Both my husband Mason and I are at an age that we remember watching the moon landings on TV. Despite our fascination with space, our ten-year-old daughter Sorrell hadn’t been particularly interested until she and I spent the night at San Francisco’s Academy of Sciences (which I wrote about in January). There we saw a slide show of photos from the Hubble telescope. That opened her eyes.
Earlier this year, we explored the National Air and Space Museum in Washington, DC with Sorrell. She fell in love with the museum when she discovered it had a full-size duplicate of the Hubble. She took picture after picture of it to show her teachers back at school.
It helped, too, that she loved Night at the Museum 2: Battle of the Smithsonian, which features pieces from the National Air and Space Museum’s collection. Of all the treasures they held, Sorrell most wanted to see the Wright Brothers’ biplane that Amelia Earhart flew in the movie.
Unfortunately, the Air and Space Museum was wildly crowded the day we visited. We headed down a hallway that seemed less busy than the rest and discovered the museum had flight simulators. None of us really knew what that meant, but Mason supposed it was something like the Star Tours ride at Disneyland.
We walked up to the ticket desk in a knot. The clerk asked which ride we wanted: if we did the motion simulator, the three of us could go together, but the machine moved on its own. No one would be controlling it. If we chose the flight simulator, it only sat two.
Sorrell really wanted to fly the simulator herself.
I let her go with her dad, figuring it would be a bonding experience. After they were shown to a capsule, I thought about taking a photo, but there wasn’t much to see from the outside. I went to sit in the hallway and read email on my phone.
When she bounced up to me afterward, Sorrell was giddy. She flew the simulator while Mason served as her gunner. She wasn’t excited about how many planes they’d shot down — I don’t think it was many — but she’d crashed into the surface of the ocean at a low angle and managed to skip the plane across the water like a stone. That seemed to be the coolest experience ever.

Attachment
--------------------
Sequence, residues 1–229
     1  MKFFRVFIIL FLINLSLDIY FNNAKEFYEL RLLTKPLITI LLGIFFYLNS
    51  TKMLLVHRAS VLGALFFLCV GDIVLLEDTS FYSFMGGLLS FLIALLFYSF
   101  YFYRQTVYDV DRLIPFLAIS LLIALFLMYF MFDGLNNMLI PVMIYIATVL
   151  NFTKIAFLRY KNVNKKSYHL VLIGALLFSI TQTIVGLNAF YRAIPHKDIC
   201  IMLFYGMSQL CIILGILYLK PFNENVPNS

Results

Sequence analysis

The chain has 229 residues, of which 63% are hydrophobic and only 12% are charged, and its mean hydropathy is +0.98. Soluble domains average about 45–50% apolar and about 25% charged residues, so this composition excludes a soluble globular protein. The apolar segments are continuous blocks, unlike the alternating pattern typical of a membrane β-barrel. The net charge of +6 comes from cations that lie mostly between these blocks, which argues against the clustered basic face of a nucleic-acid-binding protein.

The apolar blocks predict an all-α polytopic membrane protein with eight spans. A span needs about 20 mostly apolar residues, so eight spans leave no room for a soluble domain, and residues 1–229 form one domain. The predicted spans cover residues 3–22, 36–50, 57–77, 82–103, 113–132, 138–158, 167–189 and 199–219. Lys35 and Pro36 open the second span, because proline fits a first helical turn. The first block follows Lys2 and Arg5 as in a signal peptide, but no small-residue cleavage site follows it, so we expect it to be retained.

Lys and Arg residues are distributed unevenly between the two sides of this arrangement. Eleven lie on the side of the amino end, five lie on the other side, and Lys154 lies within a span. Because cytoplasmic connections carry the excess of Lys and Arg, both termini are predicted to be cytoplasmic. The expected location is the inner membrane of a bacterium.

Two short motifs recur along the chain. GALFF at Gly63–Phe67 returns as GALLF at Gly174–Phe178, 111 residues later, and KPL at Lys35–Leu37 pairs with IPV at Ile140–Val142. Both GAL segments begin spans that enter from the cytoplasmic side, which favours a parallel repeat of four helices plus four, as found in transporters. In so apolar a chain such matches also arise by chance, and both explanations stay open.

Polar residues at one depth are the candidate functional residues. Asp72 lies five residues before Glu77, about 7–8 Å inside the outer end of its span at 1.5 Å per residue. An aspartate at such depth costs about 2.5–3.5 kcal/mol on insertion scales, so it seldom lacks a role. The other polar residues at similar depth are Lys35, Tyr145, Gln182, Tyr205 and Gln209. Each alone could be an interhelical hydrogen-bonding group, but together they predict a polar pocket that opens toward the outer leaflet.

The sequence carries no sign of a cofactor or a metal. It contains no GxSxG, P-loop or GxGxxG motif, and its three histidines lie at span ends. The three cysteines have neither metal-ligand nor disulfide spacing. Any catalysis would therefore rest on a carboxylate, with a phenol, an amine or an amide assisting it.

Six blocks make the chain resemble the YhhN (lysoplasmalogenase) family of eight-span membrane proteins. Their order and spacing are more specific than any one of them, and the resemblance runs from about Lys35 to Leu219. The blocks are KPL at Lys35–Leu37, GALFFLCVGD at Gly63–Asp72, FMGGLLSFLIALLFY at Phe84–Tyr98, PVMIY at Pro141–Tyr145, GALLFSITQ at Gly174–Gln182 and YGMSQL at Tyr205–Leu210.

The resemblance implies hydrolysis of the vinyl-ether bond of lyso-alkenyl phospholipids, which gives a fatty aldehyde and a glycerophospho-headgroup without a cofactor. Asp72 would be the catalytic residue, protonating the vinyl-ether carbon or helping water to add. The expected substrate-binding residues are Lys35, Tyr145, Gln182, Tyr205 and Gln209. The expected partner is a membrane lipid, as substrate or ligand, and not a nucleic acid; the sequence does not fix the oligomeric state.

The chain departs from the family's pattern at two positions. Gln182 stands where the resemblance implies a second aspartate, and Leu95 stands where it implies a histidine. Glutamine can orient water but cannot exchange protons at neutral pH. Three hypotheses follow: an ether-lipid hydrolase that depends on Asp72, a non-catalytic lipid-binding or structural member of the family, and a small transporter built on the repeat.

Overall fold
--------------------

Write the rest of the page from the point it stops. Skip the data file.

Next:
A short amount of poking around later, it got to be lunchtime, so we headed to the museum’s cafeteria. I’d guess three thousand people were milling around in there. The food court only sold food from McDonald’s, Boston Market, and Donatos Pizzeria, so Mason whipped out his phone and discovered that the nearby Museum of the American Indian had a great cafeteria. We abandoned the Air and Space Museum before any of us were really done exploring it.
The next day, Mason was laid low by a cold, so Sorrell and I took the Metro downtown. We headed back to the Air and Space Museum to see everything we’d missed.
Sorrell was most excited to see the Wright Brothers’ planes, of which the Smithsonian has three. We even found the one flown by Amelia Earhart in the movie. It looked as fragile as a balsa-wood toy. We’d still be taking the train across the country if it had been up to me to test pilot that.